More Effective Groove Milling For Gearboxes
A cutting tools supplier developed a grooving tool with an 18-inch gage length and a radial runout of just 0.004 inch. That tool enabled a gearbox manufacturer to increase its groove milling feed rate tenfold for a hard-to-reach bore.
Manufacturers that produce standard product lines have an advantage over contract shops in that they can continually upgrade their processes based on predictable machining needs. That’s what SEW Eurodrive’s Melvin Story does on an ongoing basis.
Mr. Story is an engineering technician for the Lyman, South Carolina supplier of right-angle gearboxes for power transmission and motion control applications. This U.S. headquarters of Germany-based SEW Eurodrive is where machining and assembly of housings and gear sets are performed in a 250,000 square-foot facility for various product models.
The predictability of having a standard product line doesn’t diminish the machining challenges that some of these gearbox components present, however. Housing castings, for example, require facing, boring and drilling operations often held to micron-level tolerances to ensure long unit life and high performance. Precision groove milling is also necessary to create snap ring grooves in two machined bores of differing sizes found in every casting. For the most part, groove milling the bigger of these bores is straightforward. The bore passes through a casting wall and can be easily accessed with a relatively short tool. Short tools, being inherently more rigid than long ones, allow more aggressive cutting to minimize cycle times. As Mr. Story points out (quite literally in the photo on the right), the smaller internal bore is more difficult to create, largely because it’s harder to reach.
That blind bore is located in the back wall of the casting and can be accessed only through an opening in the opposite end. A groove milling tool must be long enough to not only reach into the casting, but also to clear the fixture. The largest casting, which weighs approximately 300 pounds, requires a tool that is at least 18 inches long for this operation.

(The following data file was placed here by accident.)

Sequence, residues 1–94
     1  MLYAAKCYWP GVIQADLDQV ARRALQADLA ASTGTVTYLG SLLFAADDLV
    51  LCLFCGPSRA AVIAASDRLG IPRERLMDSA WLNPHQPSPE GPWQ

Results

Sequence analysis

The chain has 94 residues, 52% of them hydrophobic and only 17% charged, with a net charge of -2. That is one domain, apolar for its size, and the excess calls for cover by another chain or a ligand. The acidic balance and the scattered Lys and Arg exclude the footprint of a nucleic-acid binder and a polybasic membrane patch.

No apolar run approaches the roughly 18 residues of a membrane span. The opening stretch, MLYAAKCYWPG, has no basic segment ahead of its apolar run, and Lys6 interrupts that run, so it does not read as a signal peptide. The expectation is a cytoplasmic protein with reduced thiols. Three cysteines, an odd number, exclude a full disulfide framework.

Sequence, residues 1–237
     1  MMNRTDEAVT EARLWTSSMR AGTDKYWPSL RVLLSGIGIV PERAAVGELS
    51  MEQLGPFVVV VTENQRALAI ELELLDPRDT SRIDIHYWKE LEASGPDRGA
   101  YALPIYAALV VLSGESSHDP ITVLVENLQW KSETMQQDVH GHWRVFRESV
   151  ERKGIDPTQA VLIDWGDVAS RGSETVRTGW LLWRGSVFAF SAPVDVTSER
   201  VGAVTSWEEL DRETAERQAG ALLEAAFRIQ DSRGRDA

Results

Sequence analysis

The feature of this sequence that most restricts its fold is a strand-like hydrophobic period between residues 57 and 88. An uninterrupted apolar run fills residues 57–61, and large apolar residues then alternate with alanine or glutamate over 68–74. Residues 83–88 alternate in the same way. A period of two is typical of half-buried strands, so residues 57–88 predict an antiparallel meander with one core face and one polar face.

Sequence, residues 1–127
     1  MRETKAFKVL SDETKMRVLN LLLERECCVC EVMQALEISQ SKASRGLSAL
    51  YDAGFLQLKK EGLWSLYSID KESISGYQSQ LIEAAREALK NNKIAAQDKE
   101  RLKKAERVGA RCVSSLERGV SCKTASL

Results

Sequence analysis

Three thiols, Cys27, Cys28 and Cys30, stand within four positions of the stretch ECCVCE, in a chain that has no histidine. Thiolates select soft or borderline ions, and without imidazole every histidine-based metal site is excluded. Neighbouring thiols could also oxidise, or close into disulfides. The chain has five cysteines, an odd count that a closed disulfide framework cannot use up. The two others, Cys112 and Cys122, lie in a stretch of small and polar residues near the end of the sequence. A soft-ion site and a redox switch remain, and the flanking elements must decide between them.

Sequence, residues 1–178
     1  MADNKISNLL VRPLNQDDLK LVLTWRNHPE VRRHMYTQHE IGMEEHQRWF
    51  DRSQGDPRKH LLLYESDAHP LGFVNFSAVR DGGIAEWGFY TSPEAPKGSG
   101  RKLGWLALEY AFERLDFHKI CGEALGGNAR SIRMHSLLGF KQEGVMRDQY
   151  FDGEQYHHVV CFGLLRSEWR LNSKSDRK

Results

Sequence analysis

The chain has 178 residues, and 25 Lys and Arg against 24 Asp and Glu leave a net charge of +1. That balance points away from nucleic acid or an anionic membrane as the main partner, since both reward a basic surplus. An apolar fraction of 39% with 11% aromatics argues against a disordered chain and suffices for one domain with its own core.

The tools that SEW Eurodrive previously used for the internal bore grooves on the large castings inhibited the production capability of the Makino a99e 50-taper HMCs that machine many of those castings. Slower interpolating feed rates were necessary to ensure groove accuracy because the tools lacked rigidity. The tools tended to flex at high feeds, so feed rates were restricted to 20 mm/min to produce the 120 mm-diameter grooves in the 110 mm internal bores.
Those tools also created extended stretches of spindle downtime while inserts were indexed. Mr. Story found that it wasn’t possible to accurately index the tool’s inserts at the machine. This wasn’t a machine operator’s fault. The tools simply had too much variability, so tool room attendants such as Wayne Ballenger indexed the inserts and measured them on a presetter to ensure proper insert positioning.
Based on past successes with small grooving and boring operations using Horn tools, Mr. Story decided that Horn would likely be able to provide a groove milling solution for the big castings. Although Horn is often associated with small-scale work, the company has developed a number of tools for large boring and grooving operations over the years.
Mr. Ballenger introduced Mr. Story to Horn cutting tools years ago. They first applied the tools to small grooving applications, tapping help from Horn representative Brian Hogg and Johnny Golden, sales person for Colony Tool.
Most of those early applications used the Horn Mini Milling series of grooving and chamfering tools with diameters smaller than 1 inch. Small combination tools, such as the one shown on the previous page, were also used to allow one grooving tool to machine two bore sizes, eliminating a tool change and reducing overall cycle times. Each application was examined carefully so that the tool diameters and number of cutting edges were optimized for the operation to minimize cycle time and tool wear.
The tool Horn developed for the large casting provided benefits similar to those achieved with the smaller-diameter tools. Despite having a diameter of 3.5 inches and long gage length of 18 inches, radial runout of the 3-insert tool was measured to be just 0.004 inch. That, combined with the tool’s better rigidity, allowed a feed rate increase from 20 mm/min to 200 mm/min. This reduced the cycle time from 4 minutes to 1 minute. Mr. Story notes that tool life has been much longer, too.
In addition, Mr. Story has the confidence to allow operators to perform insert indexing at the machine without subsequent measurements on the presetter. Such repeatability, he says, is what he primarily looks for in cutting tools for a production environment.
Horn tools are being used to machine the grooves in the bigger bore of each casting, too. Those shorter tools have a relatively large diameter that allows 10 inserts to be used. The previous tools had a smaller diameter and just three inserts. Those ran at an interpolating feed rate of 190 mm/min. The Horn tool allows the Makinos to run at 888 mm/min when milling those grooves.
Mr. Story says he will entertain offers from various cutting tool companies that manufacture milling and drilling tools. However, that’s not the case for grooving tools. He says he’s sticking with Horn for those applications. The quality of its tools, he believes, is punctuated by the assistance he’s received over the years from Mr. Hogg and Mr. Golden. The tight relationship and trust he has with his tooling representative and distributor have helped SEW Eurodrive integrate new cutting tool approaches faster, which allows the company to realize the benefits of improved efficiencies quicker, he says.